During a recent trip to Africa, I had the privilege of following in my daughter’s footsteps, often being introduced as “Kayla’s Daddy.”
It started the day after I arrived. I was standing in front of almost 400 primary students. When the Director of the school introduced me as Kayla’s Daddy, the children cheered. I felt an immediate bond with them because they knew and loved my daughter. I looked at my daughter and my heart swelled with pride. It was the first of many “heart swellings” that would occur during my two-week visit to Africa.
Kayla and a friend, Carrie Smith, have spent the past five months teaching at a private school in Blantyre, Malawi. I was able to watch my daughter teach her class of 67 (yes, you read that correctly – 67) students and my heart swelled with pride at her professionalism and the way she handled the class, which was almost three times the size of a normal class in the US. My heart swelled with pride again at church when Kayla and two other women sang special music in Chichewa, the national language of Malawi. And again as I watched Kayla and her friend join the women’s choir, singing and dancing for special music.
My heart continued to swell whenever I watched Kayla take small groups of children who were behind in their lessons, and give them personal attention. And again, as I watched the children swarm around my daughter, as she sang them songs and played games.
On more than one occasion I felt God prompting me, “This is how I often feel about my children. This is how I often feel about you.” It was (and is) a very good feeling. I was watching my daughter do what she is gifted to do—teach and love children. I was reminded that God often feels the same Fatherly pride when he watches us use the gifts he gave us to share his love with others.
Kayla has desired to go to Africa since she was a young girl. She had read a few articles in National Geographic about the special needs of the children in several African countries and she determined then and there to go to Africa and make a difference. She put several pictures on her bedroom wall to keep her dream in her heart and mind. Through her teen years she decided her life goal was to make a positive difference in the lives of others, and she has been doing just that for a number of years through music, teaching, drama and using her God-given gifts to love others.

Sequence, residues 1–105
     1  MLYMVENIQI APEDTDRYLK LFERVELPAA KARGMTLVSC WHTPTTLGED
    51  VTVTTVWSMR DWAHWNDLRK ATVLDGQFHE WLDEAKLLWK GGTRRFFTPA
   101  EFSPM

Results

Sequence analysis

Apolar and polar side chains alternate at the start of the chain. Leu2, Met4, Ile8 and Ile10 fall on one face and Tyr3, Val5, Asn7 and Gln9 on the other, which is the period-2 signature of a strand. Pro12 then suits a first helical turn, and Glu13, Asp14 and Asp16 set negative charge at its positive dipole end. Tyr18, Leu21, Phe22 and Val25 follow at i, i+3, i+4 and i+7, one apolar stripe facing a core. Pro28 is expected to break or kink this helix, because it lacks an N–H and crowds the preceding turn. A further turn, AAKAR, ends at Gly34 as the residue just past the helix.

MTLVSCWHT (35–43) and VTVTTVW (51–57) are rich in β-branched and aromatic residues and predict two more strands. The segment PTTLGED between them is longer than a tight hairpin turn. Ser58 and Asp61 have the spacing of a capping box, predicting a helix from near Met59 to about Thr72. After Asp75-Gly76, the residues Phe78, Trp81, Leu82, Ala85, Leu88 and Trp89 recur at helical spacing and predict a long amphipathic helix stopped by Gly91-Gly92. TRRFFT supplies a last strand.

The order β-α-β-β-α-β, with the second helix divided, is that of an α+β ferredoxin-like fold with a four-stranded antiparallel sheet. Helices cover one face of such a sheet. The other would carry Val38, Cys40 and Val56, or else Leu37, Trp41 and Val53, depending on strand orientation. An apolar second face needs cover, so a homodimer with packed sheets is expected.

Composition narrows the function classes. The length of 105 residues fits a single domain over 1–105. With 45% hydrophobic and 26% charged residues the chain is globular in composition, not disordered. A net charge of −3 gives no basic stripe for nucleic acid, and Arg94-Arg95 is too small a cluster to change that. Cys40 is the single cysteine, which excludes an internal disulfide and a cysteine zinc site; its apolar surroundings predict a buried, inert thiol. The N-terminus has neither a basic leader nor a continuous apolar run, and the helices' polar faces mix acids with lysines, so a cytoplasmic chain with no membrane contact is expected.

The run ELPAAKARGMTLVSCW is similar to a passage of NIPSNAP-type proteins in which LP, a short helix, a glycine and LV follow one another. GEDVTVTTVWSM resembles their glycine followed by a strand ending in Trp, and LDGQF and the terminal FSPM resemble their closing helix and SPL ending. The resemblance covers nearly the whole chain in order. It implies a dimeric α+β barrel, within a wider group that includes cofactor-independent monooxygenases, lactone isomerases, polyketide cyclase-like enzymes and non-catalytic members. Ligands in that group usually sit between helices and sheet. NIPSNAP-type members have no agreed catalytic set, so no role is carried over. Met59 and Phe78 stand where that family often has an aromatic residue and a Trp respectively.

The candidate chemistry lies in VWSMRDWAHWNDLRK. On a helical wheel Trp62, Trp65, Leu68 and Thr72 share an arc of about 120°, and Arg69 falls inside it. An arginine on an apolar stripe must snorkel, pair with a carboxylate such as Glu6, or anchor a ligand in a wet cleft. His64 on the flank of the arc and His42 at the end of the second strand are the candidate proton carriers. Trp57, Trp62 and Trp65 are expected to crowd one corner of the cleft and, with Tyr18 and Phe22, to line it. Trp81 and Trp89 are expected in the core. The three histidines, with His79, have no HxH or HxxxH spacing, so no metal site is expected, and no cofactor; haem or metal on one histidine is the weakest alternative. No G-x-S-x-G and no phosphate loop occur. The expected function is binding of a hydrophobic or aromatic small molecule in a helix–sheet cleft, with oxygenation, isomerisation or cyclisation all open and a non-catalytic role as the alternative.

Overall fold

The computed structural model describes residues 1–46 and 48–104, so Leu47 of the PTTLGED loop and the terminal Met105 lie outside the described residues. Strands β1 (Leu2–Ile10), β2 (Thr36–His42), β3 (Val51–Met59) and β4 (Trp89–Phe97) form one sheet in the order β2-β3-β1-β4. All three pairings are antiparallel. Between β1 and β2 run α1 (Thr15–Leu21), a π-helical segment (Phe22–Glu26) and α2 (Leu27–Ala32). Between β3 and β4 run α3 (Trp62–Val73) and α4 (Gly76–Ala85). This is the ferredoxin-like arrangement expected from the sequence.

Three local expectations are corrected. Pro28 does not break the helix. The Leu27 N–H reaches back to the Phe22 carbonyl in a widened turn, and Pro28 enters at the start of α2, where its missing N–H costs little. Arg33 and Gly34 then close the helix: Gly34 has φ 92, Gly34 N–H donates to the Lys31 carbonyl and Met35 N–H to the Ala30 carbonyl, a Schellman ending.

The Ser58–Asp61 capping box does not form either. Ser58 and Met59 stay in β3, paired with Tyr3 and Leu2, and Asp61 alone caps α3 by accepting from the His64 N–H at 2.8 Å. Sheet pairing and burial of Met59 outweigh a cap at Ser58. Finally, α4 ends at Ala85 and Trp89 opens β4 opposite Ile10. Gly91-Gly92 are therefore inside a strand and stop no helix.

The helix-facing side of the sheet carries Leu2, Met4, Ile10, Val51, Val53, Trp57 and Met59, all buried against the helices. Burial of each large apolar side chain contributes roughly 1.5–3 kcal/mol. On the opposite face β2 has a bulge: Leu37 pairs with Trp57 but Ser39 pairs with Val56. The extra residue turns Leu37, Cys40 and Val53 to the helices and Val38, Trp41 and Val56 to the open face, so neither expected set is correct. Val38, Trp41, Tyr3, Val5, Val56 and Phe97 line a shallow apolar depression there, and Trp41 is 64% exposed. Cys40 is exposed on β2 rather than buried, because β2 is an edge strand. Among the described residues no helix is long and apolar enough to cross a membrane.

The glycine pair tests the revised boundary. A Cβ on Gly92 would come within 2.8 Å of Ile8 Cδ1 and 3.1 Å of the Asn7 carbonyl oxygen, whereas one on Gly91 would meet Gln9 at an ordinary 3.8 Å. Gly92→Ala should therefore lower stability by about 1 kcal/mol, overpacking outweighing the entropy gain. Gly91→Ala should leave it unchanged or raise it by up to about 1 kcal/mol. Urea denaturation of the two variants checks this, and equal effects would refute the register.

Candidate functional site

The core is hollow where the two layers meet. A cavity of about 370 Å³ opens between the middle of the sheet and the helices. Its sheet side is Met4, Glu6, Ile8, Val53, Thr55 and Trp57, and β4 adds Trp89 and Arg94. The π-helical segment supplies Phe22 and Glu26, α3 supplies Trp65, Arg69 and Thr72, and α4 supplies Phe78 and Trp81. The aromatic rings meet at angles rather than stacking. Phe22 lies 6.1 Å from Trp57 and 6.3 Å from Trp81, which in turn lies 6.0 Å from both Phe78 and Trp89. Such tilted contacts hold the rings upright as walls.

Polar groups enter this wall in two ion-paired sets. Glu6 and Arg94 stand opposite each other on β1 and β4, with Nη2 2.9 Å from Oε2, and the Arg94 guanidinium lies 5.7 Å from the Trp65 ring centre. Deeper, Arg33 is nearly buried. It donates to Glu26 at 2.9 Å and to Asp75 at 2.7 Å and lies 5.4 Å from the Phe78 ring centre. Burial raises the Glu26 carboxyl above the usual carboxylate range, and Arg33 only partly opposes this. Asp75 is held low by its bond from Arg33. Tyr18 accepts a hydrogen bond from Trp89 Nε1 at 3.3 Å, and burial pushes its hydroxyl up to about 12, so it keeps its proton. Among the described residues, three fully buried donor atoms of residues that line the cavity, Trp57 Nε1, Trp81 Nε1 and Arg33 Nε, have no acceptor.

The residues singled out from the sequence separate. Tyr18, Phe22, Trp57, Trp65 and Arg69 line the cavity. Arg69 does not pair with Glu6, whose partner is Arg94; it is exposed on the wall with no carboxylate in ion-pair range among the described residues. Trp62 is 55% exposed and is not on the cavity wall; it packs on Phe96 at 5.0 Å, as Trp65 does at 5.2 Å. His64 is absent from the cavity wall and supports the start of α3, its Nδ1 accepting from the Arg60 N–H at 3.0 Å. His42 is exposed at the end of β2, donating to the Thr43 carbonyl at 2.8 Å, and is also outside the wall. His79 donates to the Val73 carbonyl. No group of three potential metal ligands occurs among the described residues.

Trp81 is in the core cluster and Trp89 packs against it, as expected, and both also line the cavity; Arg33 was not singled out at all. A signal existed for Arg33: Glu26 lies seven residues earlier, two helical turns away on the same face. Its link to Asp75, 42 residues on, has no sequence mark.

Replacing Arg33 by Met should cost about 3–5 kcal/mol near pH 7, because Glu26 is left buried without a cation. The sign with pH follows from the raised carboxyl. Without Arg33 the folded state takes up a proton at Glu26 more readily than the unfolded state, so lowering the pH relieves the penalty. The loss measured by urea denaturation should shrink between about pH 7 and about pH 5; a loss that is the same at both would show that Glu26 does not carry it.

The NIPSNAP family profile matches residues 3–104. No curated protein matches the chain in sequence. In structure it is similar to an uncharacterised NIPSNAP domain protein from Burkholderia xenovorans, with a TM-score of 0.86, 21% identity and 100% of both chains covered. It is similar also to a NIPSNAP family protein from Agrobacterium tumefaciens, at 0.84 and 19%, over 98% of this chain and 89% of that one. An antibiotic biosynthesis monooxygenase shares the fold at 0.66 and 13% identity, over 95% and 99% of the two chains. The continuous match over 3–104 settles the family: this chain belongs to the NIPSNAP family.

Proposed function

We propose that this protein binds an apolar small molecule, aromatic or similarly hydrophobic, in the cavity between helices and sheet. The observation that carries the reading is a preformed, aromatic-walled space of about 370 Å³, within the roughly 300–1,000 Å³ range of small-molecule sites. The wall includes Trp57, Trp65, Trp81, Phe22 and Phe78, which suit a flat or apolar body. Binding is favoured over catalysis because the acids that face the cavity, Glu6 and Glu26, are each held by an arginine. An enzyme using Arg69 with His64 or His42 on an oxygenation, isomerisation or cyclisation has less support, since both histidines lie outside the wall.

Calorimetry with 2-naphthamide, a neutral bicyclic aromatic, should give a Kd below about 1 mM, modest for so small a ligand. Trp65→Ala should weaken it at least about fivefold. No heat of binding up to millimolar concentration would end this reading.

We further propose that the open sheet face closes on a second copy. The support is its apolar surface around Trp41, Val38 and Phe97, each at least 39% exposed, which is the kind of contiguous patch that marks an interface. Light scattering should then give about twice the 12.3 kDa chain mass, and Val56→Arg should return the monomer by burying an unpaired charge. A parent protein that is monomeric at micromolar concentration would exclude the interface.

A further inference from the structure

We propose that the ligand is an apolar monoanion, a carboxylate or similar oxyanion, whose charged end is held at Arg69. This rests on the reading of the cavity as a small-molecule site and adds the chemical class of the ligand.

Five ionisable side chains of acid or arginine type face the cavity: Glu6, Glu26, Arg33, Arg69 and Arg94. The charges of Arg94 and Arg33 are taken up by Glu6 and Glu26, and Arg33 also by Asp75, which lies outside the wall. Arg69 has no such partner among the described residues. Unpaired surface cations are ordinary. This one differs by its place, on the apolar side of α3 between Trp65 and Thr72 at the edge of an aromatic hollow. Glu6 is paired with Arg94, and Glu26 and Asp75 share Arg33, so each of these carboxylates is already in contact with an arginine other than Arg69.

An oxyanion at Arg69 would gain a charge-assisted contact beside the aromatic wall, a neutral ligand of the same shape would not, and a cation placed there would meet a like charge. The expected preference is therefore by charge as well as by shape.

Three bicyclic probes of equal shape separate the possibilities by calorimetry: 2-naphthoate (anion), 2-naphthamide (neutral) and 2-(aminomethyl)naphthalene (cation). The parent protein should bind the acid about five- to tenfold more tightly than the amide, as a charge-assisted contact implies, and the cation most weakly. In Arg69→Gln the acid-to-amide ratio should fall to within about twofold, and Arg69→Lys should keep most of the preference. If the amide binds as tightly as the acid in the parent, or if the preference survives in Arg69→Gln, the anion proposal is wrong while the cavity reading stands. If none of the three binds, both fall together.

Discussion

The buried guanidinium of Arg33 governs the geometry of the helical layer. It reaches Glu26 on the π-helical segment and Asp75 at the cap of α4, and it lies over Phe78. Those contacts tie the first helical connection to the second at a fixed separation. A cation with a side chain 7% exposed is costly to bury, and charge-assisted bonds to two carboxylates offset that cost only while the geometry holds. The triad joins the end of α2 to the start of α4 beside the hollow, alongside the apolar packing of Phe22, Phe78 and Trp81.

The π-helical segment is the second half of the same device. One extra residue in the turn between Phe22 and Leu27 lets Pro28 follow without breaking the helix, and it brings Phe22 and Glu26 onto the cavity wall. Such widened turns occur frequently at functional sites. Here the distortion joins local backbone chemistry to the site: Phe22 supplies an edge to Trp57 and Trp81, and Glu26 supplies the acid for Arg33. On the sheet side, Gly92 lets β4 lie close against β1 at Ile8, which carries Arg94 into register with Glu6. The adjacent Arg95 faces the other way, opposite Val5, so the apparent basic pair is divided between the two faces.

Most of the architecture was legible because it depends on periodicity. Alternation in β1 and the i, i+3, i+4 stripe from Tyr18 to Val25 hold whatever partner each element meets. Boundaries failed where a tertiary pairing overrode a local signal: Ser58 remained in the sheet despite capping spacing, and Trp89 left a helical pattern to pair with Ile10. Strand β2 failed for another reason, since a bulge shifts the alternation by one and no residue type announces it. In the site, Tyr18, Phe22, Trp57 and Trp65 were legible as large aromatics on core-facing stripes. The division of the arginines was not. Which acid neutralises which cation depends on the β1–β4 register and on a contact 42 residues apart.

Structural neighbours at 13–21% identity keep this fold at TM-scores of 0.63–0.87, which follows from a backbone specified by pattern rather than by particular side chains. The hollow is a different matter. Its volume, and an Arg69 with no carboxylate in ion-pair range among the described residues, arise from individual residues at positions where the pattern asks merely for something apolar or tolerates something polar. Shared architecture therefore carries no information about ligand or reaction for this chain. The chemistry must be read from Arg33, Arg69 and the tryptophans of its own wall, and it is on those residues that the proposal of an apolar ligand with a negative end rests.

Kayla’s first real opportunity to go to Africa came during her junior year of University. I was asked to put together a proposal to send two women to teach at Young Ambassadors Private Primary School (YAPPS). When I first mentioned it to Kayla, who was in the third year of her Elementary Education degree program, she jumped at the opportunity. She went with two other women, Carrie Smith from Pittsburgh, PA, and Alberta Gibbs from England.
It took only a couple days for Kayla to fall in love with Africa and with the children she was there to teach. The children would swarm Kayla and Carrie, playing with their soft hair, begging for their hugs and asking them to play games with them and teach them songs. Kayla spent much of her free time hanging out with the children and planning more and more ways to reach them. Kayla and Carrie were affectionately referred to as the two azungas (white people).
During that seven weeks, Kayla kept asking God “Why am I here? What can I do to make a difference?” and God kept responding through the children, through the members at the churches she visited, and through the school officials. Here’s a comment from her blog:
“Word has been spreading rapidly that Young Ambassadors has teachers from America and the UK.… Only one other primary school in Blantyre (which is the 2nd largest city in Malawi) has “azungas” (white people) teaching, so now Young Ambassadors’ reputation is 1 of the top 2 schools in the district! How amazing is that?! I finally understand why they told us that they need us here and why they think it’s a blessing that we’re here. We truly are making a difference!”
The two weeks I spent with my daughter made up one of the greatest highlights of my life. I was able to watch my child share her gifts and her love with the children, staff and church members in Malawi. Watching her filled me with love and pride. I know now that God was giving me just a glimpse of what he feels when he sees us, his children, use our talents and gifts to share his love and his life with others.